Trusting Jehovah with All My Heart
As told by Claude S. Goodman
“TRUST IN THE LORD WITH ALL THINE HEART; AND LEAN NOT UNTO THINE OWN UNDERSTANDING.” Those words from the Bible, framed and hanging on a wall in a home I was visiting, captured my attention. For the rest of that day I pondered over them. Could I, I asked myself, trust God with all my heart?
Reaching home, I took out my King James Version Bible and reread Proverbs 3:5, along with the following verse: “In all thy ways acknowledge him, and he shall direct thy paths.” This, I resolved, would be my guide through life. Within a few days I was put to the test.
I had arranged something special for a certain evening; later it was announced that there was to be an important meeting of the Christian congregation on that very evening. Which should take priority? Recalling my resolution, I asked Jehovah to direct my steps. I attended the meeting.
That was in the year 1925. I was twenty-one years of age, but from my teens I had been searching for God’s truth.
My mother belonged to the Church of England, but I rejected that. My father was an atheist, but I came to the conclusion that there had to be a God. So one day, for the first time in my life, I knelt at my bedside and directed a prayer to the true God and asked him to reveal his truth and his people to me. The very next morning I was handed a Scriptural book entitled “Millions Now Living Will Never Die.” I devoured it. This was the answer to my prayer.
I returned the next day to the woman who had given me the book and asked for more. I left with an armful, and also with an invitation to return for more information. How I thrilled as, later, Ronald Tippin flipped through the pages of the Bible to answer my many questions. By now I was reading voraciously. I always carried a volume of Studies in the Scriptures, and I also started to read the Bible through. In May 1926, just one year after receiving the Millions book, I dedicated my life to Jehovah and symbolized it by baptism at the international assembly in London. As I listened to J. F. Rutherford’s exposé of the clergy, I knew that I was committed to a fight for the truth and against false religion.
ENLARGING MY SHARE IN THE MINISTRY
At the Memorial of Christ’s death in the year 1927, a tract entitled “Where Are the Nine?” was given to all attending. It called for more “colporteurs,” or pioneers, as full-time proclaimers of God’s truth are now designated. That night was for me one of wakefulness and prayer. Ronald Tippin and I had planned a business partnership, so next morning I wrote to him and asked him to release me from our agreement. But a letter from him to me crossed mine. Can you guess its contents? Yes, we became partners, not in secular business, but in the full-time preaching work.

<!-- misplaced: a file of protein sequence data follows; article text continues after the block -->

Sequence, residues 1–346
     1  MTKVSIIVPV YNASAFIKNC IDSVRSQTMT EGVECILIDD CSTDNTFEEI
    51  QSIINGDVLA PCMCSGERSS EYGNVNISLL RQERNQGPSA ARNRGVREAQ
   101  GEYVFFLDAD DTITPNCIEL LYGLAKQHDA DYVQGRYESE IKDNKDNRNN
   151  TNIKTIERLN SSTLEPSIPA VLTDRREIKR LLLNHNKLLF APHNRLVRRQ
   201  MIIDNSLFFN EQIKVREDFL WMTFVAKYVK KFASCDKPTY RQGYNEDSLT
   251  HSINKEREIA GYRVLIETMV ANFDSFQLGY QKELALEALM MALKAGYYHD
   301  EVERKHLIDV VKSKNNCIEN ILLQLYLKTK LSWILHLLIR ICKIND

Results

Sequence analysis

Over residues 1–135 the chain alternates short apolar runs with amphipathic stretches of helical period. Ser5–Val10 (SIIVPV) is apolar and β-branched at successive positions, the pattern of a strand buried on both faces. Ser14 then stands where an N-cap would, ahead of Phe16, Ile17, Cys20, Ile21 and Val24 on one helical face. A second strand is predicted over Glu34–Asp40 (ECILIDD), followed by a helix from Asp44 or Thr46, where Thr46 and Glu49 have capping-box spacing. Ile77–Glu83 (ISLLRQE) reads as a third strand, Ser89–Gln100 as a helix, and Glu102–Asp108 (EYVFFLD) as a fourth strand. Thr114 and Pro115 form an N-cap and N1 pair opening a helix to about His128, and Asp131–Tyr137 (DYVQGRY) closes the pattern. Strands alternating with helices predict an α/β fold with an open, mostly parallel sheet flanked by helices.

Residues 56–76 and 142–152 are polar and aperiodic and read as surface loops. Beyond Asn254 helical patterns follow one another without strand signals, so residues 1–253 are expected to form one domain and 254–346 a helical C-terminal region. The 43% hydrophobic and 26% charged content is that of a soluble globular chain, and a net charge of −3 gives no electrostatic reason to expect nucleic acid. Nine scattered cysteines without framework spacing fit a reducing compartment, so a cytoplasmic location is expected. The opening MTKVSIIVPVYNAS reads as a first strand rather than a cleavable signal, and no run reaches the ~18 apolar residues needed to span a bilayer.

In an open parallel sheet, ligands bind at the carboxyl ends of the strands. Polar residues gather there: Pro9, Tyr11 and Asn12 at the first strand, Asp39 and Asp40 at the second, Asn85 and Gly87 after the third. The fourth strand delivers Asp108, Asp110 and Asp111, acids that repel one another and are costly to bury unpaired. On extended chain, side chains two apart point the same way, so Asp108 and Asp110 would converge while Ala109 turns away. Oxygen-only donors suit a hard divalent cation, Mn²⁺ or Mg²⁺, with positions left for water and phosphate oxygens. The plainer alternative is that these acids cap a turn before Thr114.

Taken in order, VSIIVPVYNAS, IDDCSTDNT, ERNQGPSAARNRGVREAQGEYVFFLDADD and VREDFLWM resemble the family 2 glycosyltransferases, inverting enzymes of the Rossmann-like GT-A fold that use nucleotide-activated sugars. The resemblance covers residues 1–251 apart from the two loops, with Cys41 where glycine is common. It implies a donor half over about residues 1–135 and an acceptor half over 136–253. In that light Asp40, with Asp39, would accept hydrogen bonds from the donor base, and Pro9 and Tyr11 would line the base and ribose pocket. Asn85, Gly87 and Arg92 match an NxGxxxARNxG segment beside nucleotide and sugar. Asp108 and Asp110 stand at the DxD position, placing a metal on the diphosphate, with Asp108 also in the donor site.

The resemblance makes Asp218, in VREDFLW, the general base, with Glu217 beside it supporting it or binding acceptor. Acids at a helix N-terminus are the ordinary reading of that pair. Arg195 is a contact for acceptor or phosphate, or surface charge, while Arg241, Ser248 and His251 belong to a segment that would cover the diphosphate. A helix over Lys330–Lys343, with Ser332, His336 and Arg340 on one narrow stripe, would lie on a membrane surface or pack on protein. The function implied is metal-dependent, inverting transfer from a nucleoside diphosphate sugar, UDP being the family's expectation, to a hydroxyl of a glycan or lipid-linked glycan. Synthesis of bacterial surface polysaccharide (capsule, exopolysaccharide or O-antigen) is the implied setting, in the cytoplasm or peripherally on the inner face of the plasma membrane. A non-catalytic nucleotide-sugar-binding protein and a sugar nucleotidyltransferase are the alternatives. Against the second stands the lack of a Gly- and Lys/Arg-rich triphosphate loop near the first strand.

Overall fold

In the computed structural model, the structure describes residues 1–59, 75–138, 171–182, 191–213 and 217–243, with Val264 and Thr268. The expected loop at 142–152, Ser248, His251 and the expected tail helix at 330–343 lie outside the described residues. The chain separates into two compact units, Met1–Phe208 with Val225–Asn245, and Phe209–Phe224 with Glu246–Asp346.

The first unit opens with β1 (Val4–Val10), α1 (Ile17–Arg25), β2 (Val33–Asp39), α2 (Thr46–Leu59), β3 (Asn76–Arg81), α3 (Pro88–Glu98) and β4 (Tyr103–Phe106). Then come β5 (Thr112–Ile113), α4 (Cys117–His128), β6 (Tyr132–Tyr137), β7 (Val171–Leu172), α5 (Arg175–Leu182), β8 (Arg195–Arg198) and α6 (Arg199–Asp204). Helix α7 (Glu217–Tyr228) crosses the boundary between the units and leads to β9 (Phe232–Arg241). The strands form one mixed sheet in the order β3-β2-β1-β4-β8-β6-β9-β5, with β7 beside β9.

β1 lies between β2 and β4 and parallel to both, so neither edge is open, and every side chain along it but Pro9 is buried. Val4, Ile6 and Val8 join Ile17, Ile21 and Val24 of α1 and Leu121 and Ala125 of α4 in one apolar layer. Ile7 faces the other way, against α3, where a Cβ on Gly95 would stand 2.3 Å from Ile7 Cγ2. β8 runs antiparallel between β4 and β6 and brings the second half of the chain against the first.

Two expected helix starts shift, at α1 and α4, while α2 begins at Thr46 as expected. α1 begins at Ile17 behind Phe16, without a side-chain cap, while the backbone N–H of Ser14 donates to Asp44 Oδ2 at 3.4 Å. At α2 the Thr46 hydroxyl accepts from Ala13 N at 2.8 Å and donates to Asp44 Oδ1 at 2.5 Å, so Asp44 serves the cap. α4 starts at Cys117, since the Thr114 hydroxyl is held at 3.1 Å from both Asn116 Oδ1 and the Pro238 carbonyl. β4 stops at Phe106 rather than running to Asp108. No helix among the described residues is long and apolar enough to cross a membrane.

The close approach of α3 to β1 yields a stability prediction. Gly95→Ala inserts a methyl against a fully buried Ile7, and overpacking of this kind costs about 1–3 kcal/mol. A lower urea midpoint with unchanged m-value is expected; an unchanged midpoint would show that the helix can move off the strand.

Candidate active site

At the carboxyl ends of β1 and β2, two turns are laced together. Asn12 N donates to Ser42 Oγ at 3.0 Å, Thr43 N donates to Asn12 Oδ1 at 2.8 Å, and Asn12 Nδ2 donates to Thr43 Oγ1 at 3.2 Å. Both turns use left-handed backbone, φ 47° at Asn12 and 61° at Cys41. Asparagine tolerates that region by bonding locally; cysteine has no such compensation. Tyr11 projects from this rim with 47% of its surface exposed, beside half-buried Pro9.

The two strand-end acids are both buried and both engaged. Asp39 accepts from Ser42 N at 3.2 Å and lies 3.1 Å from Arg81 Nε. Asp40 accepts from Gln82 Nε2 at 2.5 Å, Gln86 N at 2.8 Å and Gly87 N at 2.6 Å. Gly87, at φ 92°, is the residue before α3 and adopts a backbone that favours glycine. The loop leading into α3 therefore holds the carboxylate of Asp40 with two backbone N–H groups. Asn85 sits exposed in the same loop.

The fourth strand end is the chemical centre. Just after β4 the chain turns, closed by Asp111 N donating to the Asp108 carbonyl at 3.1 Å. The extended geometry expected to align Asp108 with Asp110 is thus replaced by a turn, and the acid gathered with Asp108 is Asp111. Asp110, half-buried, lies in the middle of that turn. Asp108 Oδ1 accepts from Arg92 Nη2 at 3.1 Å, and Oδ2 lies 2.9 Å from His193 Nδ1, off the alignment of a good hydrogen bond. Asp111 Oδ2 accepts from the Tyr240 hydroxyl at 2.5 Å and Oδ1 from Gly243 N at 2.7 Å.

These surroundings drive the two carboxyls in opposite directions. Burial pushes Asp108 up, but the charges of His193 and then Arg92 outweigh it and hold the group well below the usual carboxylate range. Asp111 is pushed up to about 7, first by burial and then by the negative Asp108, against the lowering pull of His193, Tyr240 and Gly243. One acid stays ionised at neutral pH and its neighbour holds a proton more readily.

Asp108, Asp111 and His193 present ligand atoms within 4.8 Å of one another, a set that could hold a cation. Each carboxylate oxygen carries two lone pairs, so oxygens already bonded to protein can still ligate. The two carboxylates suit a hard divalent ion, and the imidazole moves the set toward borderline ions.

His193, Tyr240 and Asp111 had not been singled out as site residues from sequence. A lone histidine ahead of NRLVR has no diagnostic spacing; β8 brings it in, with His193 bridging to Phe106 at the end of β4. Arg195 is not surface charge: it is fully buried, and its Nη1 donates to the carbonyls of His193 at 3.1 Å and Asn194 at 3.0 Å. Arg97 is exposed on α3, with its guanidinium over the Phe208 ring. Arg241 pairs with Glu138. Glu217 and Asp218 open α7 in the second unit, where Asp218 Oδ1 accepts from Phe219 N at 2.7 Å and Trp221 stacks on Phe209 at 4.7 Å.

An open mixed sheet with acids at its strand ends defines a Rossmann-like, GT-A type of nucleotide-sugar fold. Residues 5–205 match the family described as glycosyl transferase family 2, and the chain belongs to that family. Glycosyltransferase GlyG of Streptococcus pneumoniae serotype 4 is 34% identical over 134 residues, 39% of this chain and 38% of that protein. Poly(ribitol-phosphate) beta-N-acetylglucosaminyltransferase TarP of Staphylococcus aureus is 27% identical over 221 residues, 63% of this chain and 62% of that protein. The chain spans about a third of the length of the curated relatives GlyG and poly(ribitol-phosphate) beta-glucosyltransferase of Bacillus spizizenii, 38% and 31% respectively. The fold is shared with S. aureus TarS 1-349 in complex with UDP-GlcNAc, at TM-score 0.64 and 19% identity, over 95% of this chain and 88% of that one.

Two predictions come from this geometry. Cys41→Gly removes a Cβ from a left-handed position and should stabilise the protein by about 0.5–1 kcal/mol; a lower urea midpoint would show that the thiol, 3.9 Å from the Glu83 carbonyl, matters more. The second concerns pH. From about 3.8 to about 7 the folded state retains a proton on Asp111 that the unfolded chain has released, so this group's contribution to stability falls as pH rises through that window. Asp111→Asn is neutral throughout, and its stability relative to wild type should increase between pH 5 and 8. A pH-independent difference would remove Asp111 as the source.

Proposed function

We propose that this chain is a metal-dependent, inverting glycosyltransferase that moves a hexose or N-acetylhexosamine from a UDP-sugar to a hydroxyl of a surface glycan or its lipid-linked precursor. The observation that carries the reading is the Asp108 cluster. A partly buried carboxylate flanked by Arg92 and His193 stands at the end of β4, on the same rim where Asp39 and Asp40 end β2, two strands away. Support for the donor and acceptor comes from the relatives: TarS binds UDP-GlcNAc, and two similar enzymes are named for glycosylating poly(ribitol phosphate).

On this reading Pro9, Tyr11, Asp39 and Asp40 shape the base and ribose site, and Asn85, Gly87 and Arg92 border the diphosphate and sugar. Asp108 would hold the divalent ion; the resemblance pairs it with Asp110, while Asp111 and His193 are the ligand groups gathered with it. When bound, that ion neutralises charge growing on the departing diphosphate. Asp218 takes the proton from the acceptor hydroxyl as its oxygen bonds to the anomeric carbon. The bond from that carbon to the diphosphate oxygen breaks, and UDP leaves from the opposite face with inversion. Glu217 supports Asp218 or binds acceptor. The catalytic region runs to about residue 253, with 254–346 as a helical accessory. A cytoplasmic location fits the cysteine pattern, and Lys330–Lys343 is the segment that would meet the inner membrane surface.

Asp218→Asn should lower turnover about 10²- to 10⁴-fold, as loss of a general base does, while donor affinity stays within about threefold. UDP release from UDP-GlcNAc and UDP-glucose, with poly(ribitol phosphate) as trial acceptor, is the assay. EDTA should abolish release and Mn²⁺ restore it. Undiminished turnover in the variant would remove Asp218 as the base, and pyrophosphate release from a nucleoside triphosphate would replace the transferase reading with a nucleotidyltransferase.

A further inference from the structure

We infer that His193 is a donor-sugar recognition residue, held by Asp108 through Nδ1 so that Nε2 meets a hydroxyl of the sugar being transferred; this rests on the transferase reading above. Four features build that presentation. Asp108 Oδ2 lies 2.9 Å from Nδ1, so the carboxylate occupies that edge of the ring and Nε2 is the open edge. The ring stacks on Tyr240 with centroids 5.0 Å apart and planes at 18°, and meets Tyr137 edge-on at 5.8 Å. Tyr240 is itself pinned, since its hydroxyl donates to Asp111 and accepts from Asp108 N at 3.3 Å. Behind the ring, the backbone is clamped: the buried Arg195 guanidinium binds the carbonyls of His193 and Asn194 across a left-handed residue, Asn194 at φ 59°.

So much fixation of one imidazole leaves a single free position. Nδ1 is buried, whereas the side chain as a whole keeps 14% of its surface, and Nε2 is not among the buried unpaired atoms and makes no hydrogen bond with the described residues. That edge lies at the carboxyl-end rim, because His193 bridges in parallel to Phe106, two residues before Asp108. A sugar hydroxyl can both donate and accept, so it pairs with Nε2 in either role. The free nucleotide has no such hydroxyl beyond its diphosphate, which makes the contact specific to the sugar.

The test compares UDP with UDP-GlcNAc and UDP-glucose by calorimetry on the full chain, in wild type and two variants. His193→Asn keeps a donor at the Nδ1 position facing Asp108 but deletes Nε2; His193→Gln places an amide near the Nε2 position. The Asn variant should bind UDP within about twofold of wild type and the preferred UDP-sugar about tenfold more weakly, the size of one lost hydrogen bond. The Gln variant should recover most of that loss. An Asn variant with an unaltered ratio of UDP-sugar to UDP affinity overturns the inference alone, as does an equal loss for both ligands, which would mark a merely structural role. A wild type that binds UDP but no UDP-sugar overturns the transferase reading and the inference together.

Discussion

Pioneering in those days meant taking the good news of God’s kingdom into untouched areas. So in May, two years after learning God’s truth, I was off with my companion to Salisbury, England. Work hours were long, cycling was strenuous. That winter I remember waking one morning to find my hair frozen to the tent walls and on the blanket a piece of ice where I breathed. But we sought out every cottage and hamlet and left Bible literature wherever interest was found.
In 1929 we attended an assembly of Jehovah’s people in London. A Bible student from India, Percy Barnes, told about the need for full-time ministers in that country. Next morning, after a night of many prayers, Ron and I presented ourselves before the Society’s president, J. F. Rutherford. His large frame and stentorian voice contrasted with his gentle and kindly attitude, as he explained that it would be a one-way ticket. That is how, two months later, we found ourselves on a ship bound for Bombay.
When I entered the full-time ministry, it was with no assets beyond a good conscience over newly settled debts. But that step was minor compared with going to India. We arrived in Bombay with a few dollars, which were soon spent on tropical clothing and bedding rolls.
To carry out my ministry, I had to employ various forms of transportation: afoot, pedal cycle, motorbike, house car, taxi, passenger train, freight train, oxcart, camel, horseback, horse cart, plane, sampan, rowboat, paddle steamer, bus, truck, rickshaw, even a private train. Sleeping was as varied: lush hotels, raja’s palace, railway waiting rooms, jungle grass and cattle shed. Our “home” was wherever Ron and I could spread our bedding rolls.
Our objective was to spread Bible literature as widely and prolifically as we could, trusting in Jehovah to get it into appreciative hands. Because no vernacular literature was available, our witnessing then was to be restricted to those speaking English. Our stay in each town thus was very short.
Our first assignment was Karachi, now in Pakistan, where our literature was readily accepted. It helped our finances when we were invited to be the guests of the best hotel in town. Quite a change from the 50-cent-a-day room where we had been staying!
We traveled on by train to Hyderabad, Sind. I tried to get some sleep on a jolting wooden-bench bunk. After Hyderabad, Ron and I separated; he went toward the cool Himalaya mountains and I went by freight train toward the hot center. Here at Murree, I met and walked with and talked the Bible’s truth to Hindu nationalist leader Mahatma Gandhi. I made arrangements for him to read some Bible literature.
For the rest of that year my pattern of life was similar: Sleeping in snatches on trains, platforms and waiting rooms; eating at Indian food stalls along with coolies; walking dusty roads all day witnessing in palatial bungalows. Ron and I reunited at Lahore, from where we traveled to nearby villages by camels.
TO CEYLON, BURMA AND MALAYA